Jackson Lalic Lawyers was established by partners Peter Jackson and David Lalic. The firm provides legal services to financial institutions, lenders, private and listed companies, small business and private individuals. The emphasis at Jackson Lalic Lawyers is to provide assistance in a cost-effective and imaginative way.
The staff at Jackson Lalic Lawyers is experienced at providing the clients the attention their matter requires, including rapid reporting of developments.
Jackson Lalic Lawyers are comfortable to offer advice as the matter proceeds and, in litigation, on the apparent strengths and weaknesses of a claim or defence.
As part of its professional staff, the firm has an Australian solicitor who migrated from South Korea, having completed a law degree in South Korea, followed by 5 years of banking experience in South Korea.
Jackson Lalic Lawyers also has on its legal team an Australian solicitor who is a visiting academic at Peking University in Beijing.
Jackson Lalic provides a complete commercial and personal litigation service. Peter Jackson and David Lalic have conducted cases in the areas of banking and finance, intellectual property protection, tax, lease disputes, family law and employment law. For members of the rural community, Jackson Lalic has conducted litigation in relation to property rights, water rights and the Farm Debt Mediation Act.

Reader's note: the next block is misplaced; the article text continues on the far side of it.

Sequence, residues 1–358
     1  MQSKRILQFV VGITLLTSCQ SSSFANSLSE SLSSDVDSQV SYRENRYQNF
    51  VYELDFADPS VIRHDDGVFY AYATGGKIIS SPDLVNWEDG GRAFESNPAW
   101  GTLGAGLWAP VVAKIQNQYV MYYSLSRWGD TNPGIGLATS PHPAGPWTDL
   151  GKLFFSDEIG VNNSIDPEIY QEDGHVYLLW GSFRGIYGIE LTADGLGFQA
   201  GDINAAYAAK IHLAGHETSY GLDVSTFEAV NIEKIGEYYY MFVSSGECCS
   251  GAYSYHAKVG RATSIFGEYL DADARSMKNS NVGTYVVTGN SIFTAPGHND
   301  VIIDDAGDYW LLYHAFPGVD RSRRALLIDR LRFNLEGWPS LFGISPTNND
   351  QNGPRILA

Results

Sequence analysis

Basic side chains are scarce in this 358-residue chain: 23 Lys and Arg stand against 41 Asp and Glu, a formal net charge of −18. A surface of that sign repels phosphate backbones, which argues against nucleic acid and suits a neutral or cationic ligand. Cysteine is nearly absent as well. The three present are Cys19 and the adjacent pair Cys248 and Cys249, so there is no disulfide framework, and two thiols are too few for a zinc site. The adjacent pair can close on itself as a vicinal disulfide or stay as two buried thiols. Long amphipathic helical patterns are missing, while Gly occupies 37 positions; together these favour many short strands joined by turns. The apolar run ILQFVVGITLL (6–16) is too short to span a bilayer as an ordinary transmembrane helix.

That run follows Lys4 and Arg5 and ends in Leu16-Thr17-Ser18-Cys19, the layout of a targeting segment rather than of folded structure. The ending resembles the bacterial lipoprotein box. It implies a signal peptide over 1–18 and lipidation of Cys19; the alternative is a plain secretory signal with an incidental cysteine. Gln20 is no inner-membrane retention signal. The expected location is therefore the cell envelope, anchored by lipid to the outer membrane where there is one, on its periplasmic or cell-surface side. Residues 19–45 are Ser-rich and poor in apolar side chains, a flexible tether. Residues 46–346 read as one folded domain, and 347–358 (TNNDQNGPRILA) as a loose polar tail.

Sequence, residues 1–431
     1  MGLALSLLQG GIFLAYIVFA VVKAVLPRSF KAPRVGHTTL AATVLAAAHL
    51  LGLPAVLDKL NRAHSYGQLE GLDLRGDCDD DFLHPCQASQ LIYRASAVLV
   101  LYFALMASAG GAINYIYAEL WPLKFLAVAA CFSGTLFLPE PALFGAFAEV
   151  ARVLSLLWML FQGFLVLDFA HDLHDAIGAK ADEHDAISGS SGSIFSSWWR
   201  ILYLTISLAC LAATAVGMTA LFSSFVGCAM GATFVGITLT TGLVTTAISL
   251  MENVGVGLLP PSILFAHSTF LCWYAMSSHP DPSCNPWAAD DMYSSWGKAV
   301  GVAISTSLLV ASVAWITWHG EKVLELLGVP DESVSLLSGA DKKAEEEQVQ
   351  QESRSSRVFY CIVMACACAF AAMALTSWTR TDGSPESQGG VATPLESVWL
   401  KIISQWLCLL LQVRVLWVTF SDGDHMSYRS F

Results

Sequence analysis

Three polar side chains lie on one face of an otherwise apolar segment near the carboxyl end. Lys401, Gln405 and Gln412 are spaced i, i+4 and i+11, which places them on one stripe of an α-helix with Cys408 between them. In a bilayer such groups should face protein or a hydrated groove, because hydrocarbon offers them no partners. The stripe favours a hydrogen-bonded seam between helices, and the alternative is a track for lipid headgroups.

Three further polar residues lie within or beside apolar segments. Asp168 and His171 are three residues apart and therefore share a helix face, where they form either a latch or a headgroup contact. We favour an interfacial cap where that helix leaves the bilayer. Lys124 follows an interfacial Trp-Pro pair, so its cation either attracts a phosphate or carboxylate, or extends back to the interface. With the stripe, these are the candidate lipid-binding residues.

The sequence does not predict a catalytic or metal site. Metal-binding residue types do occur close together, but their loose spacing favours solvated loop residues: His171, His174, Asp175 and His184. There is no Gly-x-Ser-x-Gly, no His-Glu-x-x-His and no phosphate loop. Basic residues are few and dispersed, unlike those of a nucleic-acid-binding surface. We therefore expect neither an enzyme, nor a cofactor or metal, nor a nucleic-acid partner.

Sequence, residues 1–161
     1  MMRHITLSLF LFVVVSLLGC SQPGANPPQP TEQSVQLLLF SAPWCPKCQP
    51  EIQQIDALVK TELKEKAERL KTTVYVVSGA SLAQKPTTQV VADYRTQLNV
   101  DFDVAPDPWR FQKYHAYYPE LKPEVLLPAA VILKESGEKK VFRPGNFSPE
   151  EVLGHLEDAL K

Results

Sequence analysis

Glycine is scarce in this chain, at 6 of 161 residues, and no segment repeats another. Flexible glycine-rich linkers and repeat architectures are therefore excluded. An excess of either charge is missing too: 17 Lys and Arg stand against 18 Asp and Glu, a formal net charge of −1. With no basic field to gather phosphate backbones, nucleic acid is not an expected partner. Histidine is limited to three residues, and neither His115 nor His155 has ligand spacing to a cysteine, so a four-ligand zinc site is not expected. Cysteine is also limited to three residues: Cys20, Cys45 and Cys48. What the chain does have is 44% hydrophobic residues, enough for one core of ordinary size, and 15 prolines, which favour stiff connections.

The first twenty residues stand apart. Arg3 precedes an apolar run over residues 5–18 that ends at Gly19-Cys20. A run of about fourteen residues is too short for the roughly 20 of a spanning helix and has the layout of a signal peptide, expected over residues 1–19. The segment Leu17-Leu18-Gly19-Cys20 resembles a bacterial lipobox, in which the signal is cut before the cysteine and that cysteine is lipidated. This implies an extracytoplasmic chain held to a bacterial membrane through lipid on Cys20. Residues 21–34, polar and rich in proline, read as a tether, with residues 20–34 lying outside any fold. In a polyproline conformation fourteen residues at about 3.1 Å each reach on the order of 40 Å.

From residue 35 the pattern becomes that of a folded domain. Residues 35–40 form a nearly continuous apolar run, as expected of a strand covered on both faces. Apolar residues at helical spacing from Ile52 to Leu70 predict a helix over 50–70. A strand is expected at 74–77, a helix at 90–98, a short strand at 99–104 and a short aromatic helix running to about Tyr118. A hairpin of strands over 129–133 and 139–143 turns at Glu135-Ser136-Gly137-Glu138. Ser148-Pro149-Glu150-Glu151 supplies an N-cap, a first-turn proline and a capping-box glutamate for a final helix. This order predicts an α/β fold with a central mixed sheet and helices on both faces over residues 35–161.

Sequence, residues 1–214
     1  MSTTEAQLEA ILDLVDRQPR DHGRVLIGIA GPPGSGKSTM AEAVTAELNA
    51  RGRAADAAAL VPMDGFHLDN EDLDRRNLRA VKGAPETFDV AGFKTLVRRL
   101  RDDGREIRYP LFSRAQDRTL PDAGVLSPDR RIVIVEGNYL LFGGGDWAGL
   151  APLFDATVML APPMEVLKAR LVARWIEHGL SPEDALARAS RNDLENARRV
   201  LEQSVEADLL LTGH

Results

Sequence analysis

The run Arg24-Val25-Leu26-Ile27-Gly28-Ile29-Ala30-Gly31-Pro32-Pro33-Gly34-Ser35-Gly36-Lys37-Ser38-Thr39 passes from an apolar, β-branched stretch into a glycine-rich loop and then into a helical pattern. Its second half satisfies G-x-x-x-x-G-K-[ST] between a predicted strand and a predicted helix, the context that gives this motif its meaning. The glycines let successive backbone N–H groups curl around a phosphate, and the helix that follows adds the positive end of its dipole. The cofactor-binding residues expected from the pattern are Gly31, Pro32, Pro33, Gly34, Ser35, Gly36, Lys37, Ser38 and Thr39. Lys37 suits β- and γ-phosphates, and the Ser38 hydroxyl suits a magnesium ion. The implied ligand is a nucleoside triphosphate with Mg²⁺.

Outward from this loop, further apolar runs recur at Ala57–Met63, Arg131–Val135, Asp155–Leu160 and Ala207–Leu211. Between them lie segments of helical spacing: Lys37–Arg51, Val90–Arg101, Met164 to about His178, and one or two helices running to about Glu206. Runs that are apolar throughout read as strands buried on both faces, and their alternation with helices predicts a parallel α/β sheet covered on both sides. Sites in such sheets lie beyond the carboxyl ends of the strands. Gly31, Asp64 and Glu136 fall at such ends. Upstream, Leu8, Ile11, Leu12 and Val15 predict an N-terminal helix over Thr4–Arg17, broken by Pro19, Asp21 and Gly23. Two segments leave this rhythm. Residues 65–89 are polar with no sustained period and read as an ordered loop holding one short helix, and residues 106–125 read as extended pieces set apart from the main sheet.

At Jackson Lalic we provide competent, efficient and cost effective service to clients with an emphasis on meeting the needs of the client by talking to them about their aims and aspirations and reporting developments to them on a regular basis.
For banks, finance companies and private lenders, Jackson Lalic provides a debt recovery service concentrating on rapid response to requests to deal with problem loans.
For borrower clients, Jackson Lalic use their experience to find the best defences available.
Jackson Lalic strive to find a compromise in all litigation.
Following are some of the prominent cases that have been conducted by Peter Jackson and David Lalic.
Hodgson Pastoral Co Pty Ltd v Westpac Banking Corporation:
In this case a farmer was in the midst of a prolonged and difficult mediation that had already gone for approximately three days over a period of some months and was still not concluded. Westpac required the borrower to execute a lien over a crop that was in the ground. It was argued for the farmer that this was an enforcement procedure and could not be required of the farmer before the conclusion of the mediation. The Court held that requiring the farmer to execute a crop lien was not an enforcement procedure but an administrative procedure and the farmer was ordered to execute the crop lien even though the mediation had not concluded.
Gain v Commonwealth Bank of Australia: